“Yes sir, I know,” Glenn cut in. “But when a fellow starts they run him to death, and I just can’t see these house parties.”

“Why go then?” complacently asked the older man.

“Promised Babs, promised Dud and promised his sister, Cara,” admitted the complaining youth. “A silly little party, with giggling girls just out of grammar school——”

“Oh, really now, Glenn,” laughed Dr. Hale, “they’re better than that. They are, I believe high school sophs. And besides—look who is giving this party!”

“Oh, yes I know,” Glenn almost sneered, “the rich de Burkes,” this was a pure mockery, “at Billows, seaside residence of—oh, darn!” he broke off suddenly. “I came over to buy Babs off. I’ve got tickets for the Music Festival tomorrow night and—I’m due at a—dance!”

Glenn’s discomfiture was so boyish it was positively laughable, and Dr. Hale was enjoying it.

“Look out, boy,” he warned. “That’s just the way a colt acts when he sees a lasso!”

“Lasso! What do you mean, sir?”

“That you may have a better time at the dance than you anticipate,” replied Dr. Hale slowly but not solemnly.


Imagine trees, so many beautiful trees that they made canopies, tunnels and softest green shelters fit for fairies, for elves and for lovely little children. Outside and beyond this grove, imagine a carpet so green that the sky threw shadows upon it in futile jealousy, gardens so gorgeous that butterflies fluttered over the blooms, bewildered and confused in their temptations and then—just beyond and yet within all of this, think of a House Beautiful!

That was Billows, the summer home of Cara Burke.

A great iron fence raised its palings outside the farthermost borders of the estate. But only the ocean and the ocean drive were thus separated, for acres and acres were shut in behind the iron fence, and one couldn’t find the gates unless one knew where to look for them. Greenery everywhere.

Yes, they were very rich, the Burkes, but no one could call them “stuck up,” not even the most jealous, or most narrow-minded person at Sea Cosset, who was generally supposed to be old Sarah Jenkins, who sold peppermints and never stopped talking.

And here at the Billows, Cara Burke was holding her first house party, while among those present was Barbara Hale.

“Cara, you should be dressed and down here now,” her mother warned from the alcove near the stairs. “The girls are coming——”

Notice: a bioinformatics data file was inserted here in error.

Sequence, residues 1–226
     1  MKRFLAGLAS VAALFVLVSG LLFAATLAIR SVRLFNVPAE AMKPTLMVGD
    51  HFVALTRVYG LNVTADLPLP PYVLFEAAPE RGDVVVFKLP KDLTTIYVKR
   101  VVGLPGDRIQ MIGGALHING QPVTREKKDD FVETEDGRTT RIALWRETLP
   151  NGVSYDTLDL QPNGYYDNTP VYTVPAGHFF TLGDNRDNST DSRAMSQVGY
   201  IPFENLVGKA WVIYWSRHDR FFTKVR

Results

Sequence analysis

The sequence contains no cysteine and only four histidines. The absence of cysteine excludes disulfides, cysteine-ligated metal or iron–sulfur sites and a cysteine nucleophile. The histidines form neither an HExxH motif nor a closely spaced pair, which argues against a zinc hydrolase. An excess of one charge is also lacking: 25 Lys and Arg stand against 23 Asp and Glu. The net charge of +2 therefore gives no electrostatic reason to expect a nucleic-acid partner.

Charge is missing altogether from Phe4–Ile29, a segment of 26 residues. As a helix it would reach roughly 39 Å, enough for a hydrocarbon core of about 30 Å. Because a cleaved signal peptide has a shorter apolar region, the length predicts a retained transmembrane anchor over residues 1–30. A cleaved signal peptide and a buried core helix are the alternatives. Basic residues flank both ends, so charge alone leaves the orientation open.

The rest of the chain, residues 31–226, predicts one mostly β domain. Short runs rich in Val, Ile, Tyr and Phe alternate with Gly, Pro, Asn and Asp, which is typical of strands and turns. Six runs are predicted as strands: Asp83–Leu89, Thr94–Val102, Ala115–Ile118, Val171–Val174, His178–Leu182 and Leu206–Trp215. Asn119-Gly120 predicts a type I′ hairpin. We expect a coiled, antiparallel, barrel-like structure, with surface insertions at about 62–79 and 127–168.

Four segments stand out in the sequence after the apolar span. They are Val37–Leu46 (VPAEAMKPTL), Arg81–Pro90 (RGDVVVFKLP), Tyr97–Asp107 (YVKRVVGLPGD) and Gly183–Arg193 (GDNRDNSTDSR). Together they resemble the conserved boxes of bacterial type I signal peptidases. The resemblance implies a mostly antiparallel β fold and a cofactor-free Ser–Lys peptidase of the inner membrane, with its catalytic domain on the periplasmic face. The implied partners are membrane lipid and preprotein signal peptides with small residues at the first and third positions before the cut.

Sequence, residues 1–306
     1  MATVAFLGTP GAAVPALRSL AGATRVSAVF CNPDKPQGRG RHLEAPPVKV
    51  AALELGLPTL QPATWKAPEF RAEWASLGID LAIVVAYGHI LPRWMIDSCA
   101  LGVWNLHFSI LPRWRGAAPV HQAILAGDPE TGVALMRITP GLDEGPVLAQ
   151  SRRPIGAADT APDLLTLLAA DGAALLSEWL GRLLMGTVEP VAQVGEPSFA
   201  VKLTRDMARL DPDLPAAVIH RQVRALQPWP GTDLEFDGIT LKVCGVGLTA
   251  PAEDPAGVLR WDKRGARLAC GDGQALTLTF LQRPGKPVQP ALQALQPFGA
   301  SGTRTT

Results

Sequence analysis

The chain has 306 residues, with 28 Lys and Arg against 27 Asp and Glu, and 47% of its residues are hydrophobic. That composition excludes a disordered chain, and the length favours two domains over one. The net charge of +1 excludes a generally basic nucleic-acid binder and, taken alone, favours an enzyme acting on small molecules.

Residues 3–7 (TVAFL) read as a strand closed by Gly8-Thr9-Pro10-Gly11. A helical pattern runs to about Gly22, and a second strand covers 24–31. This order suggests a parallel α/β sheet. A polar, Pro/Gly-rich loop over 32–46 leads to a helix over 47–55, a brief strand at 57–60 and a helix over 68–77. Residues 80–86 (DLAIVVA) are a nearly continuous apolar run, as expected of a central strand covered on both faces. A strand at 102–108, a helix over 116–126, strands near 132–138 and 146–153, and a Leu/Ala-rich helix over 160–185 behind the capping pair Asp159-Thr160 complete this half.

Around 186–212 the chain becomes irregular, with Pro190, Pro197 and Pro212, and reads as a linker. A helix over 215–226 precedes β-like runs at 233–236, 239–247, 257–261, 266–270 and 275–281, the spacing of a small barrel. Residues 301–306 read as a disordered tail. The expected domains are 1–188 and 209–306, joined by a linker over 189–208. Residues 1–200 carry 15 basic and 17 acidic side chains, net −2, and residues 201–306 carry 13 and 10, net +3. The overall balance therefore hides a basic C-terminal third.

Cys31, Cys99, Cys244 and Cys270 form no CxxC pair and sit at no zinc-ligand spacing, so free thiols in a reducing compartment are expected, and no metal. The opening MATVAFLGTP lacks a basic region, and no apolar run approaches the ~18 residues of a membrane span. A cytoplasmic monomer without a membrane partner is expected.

“You do the honors, Moma,” called back Cara, in a voice quite pardonable if she was a little distance off. “That’s just Louise and Esther——”

No pompous butler barred the way, for the massive doors were open wide and the laughter of young girls was echoing clear up to Cara’s dressing-room, while Sniffy, the black poodle, bumped himself down the stairs to find out what it was all about.

“Come right along, girls,” Mrs. Burke welcomed the first arrivals, Esther, Louise, and Lida. “Cara will be down directly.”

The girls hesitated, overwhelmed by the beauty of the flowers and soft lights. They were already familiar with the house and its luxurious furnishings, but the urns and vases filled with blooms beneath the silken floor lamps made the rooms look like a scene from some gorgeous theatrical set.

“I waited for Ruth,” Esther was saying, “but she didn’t come over. Then we drove over there and she was gone, in a taxi, her mother said.”

“Here she is now!” proclaimed Louise, for the rollicking Ruth was tripping up the stone steps, suit-case dangling by her.

“’Low girls!” she called out. “I missed you! But I got the worth of my money from old Taxi-Dermot,” she declared, “I made him drive me down along the ocean, and then—so that every one might see me, I directed him to drive past the tennis court——”

“Here’s Cara,” interrupted Louise. “Ruth, you didn’t shake hands with Mrs. Burke,” she whispered to the obstreperous Ruth, although Mrs. Burke had by now disappeared, leaving the scene to Cara and Sniffy.

Greetings and exclamations peculiar to girls who are only growing up and think they have already grown up, were being perfunctorily exchanged, when Cara’s car, almost noiselessly, rolled up the drive, and then a shadow appeared in the doorway. This time it was the Burke’s chauffeur, Dixon, and the suit-case he primly placed in the hall, over near the carved wooden settee, was none other than Barbara Hale’s.

“Oh, here’s Barbara!” exclaimed Cara, happily, rushing forward to greet the latest and last arrival, Barbara, in her green and white sport suit with the close-fitting white felt hat.

Cara gushed and gurgled, saying every pleasant thing she could think of and all but kissing Barbara, but it seemed as if all the joy was between those two. The other girls had fallen back a little, into a group of their own, and just then Barbara wondered if she were going to be treated as an interloper, an outsider.

Were they not glad to meet her?

“Girls!” called out Cara, “you all know Barbara, don’t you? We met her at the committee meeting, you know,” she pointed out breathlessly. “Barbara, this is Louise, and Lida, and you must know Ruth? Ruth Harrison——”